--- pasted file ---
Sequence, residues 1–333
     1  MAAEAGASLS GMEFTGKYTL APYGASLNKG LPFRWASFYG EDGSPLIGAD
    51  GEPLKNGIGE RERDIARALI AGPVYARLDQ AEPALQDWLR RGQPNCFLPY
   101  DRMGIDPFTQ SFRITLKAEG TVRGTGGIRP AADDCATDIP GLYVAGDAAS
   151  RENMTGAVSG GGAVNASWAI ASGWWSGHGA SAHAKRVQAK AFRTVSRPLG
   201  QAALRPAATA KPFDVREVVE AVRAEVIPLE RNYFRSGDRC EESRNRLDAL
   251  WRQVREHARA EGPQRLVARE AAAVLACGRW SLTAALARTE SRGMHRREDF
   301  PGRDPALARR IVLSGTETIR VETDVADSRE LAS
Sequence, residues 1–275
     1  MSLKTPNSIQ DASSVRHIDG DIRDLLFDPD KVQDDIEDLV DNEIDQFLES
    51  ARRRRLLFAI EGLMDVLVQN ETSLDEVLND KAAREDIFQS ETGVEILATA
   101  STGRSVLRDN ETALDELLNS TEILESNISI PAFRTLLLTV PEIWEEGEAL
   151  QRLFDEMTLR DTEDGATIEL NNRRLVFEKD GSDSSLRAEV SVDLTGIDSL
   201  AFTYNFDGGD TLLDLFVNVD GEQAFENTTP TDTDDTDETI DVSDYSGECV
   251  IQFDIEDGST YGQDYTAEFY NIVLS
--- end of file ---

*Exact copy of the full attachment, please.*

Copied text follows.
Sequence, residues 1–333
     1  MAAEAGASLS GMEFTGKYTL APYGASLNKG LPFRWASFYG EDGSPLIGAD
    51  GEPLKNGIGE RERDIARALI AGPVYARLDQ AEPALQDWLR RGQPNCFLPY
   101  DRMGIDPFTQ SFRITLKAEG TVRGTGGIRP AADDCATDIP GLYVAGDAAS
   151  RENMTGAVSG GGAVNASWAI ASGWWSGHGA SAHAKRVQAK AFRTVSRPLG
   201  QAALRPAATA KPFDVREVVE AVRAEVIPLE RNYFRSGDRC EESRNRLDAL
   251  WRQVREHARA EGPQRLVARE AAAVLACGRW SLTAALARTE SRGMHRREDF
   301  PGRDPALARR IVLSGTETIR VETDVADSRE LAS
Sequence, residues 1–275
     1  MSLKTPNSIQ DASSVRHIDG DIRDLLFDPD KVQDDIEDLV DNEIDQFLES
    51  ARRRRLLFAI EGLMDVLVQN ETSLDEVLND KAAREDIFQS ETGVEILATA
   101  STGRSVLRDN ETALDELLNS TEILESNISI PAFRTLLLTV PEIWEEGEAL
   151  QRLFDEMTLR DTEDGATIEL NNRRLVFEKD GSDSSLRAEV SVDLTGIDSL
   201  AFTYNFDGGD TLLDLFVNVD GEQAFENTTP TDTDDTDETI DVSDYSGECV
   251  IQFDIEDGST YGQDYTAEFY NIVLS